March 7, 1936:
Robert Asher wasn’t feeling well. His head was throbbing and his vision was blurred. Every subtle noise would send stabs of pain through his skull. A glass of Alka-Seltzer was foaming beside his hand. He absentmindedly rubbed the welt on the side of his face as he glanced at the morning paper. Last night did not go as planned.
The footsteps screamed at him. Harsh steps echoed down the hall, doing little to alleviate his condition. Two sets of patent leather shoes squeaked and snapped at the hardwood floors outside his office. A third pair was a little more forgiving, stepping lightly behind. The noise wasn’t helping Asher’s mood. It got even worse when the feet stopped at his door.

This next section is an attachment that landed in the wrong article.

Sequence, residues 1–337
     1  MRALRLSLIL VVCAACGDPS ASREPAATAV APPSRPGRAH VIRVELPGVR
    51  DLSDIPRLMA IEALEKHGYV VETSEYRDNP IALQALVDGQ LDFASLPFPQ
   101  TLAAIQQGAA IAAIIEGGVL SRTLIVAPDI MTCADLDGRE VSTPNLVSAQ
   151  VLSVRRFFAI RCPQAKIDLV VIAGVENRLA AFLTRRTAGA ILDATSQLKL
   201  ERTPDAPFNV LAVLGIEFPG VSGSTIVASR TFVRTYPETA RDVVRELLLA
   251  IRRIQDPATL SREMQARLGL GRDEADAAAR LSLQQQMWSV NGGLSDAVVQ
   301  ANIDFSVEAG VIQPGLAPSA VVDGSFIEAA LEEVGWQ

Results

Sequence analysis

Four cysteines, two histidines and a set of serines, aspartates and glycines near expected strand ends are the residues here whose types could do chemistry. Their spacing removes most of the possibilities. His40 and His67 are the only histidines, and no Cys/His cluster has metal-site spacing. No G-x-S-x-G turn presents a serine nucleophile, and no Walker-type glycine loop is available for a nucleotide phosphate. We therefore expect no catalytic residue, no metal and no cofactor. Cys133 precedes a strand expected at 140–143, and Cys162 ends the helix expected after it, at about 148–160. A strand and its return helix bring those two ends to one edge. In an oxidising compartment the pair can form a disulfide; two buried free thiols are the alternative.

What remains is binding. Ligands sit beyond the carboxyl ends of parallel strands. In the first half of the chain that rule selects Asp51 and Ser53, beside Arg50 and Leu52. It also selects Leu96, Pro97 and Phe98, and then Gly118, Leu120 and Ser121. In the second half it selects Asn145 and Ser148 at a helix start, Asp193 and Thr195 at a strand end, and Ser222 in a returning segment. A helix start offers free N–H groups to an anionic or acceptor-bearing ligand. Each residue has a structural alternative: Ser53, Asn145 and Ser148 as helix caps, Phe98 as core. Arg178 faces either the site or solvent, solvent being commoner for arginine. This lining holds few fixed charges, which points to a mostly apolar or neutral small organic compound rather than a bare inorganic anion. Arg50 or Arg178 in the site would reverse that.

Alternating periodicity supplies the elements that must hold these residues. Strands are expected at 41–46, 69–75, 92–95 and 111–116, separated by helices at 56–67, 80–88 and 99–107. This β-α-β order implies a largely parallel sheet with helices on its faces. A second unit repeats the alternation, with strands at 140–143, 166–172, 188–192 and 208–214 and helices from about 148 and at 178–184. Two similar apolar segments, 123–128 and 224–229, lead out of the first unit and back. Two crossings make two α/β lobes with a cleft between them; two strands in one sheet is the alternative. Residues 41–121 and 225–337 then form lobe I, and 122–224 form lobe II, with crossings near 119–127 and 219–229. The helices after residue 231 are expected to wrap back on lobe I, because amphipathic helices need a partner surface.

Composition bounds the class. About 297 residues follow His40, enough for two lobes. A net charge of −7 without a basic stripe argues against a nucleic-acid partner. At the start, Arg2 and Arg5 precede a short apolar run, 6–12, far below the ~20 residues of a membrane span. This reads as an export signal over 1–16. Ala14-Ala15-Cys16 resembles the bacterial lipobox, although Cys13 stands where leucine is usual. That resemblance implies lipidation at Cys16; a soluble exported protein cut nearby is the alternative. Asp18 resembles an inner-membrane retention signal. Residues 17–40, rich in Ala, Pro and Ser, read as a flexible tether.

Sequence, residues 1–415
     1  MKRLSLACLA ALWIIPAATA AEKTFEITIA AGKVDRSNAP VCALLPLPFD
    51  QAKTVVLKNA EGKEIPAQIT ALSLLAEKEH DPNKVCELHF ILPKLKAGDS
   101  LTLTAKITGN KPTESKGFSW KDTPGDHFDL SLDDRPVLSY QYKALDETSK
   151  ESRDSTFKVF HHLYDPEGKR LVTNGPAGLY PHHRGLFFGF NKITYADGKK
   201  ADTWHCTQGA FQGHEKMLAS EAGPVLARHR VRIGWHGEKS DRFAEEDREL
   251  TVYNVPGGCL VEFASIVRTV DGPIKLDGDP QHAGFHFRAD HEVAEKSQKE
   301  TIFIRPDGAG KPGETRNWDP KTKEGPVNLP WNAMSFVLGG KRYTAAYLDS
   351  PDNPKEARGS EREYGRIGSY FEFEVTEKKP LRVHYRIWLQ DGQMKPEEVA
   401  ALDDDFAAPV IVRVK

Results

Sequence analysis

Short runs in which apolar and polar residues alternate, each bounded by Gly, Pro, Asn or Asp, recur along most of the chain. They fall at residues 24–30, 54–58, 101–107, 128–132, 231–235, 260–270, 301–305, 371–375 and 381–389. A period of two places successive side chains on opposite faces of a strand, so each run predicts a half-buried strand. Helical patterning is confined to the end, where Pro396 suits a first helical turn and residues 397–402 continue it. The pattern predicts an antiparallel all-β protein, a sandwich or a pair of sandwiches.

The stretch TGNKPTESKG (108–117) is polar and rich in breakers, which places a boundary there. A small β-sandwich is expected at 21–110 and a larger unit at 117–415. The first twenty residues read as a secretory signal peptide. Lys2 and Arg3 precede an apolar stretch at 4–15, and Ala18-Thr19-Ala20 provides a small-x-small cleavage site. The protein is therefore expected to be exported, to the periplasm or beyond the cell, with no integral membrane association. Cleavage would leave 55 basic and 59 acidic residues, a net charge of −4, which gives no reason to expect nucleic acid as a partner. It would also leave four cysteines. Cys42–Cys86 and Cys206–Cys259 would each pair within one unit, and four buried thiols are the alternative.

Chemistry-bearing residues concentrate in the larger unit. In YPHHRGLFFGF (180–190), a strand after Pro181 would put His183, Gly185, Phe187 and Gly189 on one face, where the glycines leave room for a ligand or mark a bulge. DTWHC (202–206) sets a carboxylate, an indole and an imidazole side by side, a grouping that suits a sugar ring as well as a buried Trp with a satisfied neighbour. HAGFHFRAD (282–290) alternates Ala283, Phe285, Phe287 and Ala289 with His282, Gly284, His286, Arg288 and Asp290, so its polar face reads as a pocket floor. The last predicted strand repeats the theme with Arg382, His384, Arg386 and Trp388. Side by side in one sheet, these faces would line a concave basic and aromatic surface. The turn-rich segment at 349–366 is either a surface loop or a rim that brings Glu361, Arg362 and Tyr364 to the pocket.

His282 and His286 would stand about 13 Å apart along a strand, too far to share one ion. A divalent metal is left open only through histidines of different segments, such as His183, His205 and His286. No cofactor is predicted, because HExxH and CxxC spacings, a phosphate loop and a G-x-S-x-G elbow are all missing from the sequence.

They hesitated before knocking. Despite the effort to whisper, Asher heard them plainly.
“I don’t know about this, Tom.”
“Don’t be a fool, Patrick. We came all this way to talk to the man.”
“You can’t really believe what they say about him,” said Tom. “About what he can do?”
“Of course not,” said Patrick, “but I’m not going back to Washington empty-handed.”
Asher sat up in his chair and focused his eyes on the door. Washington? This was getting interesting. The men called Tom and Patrick continued to bicker, until the third man intervened.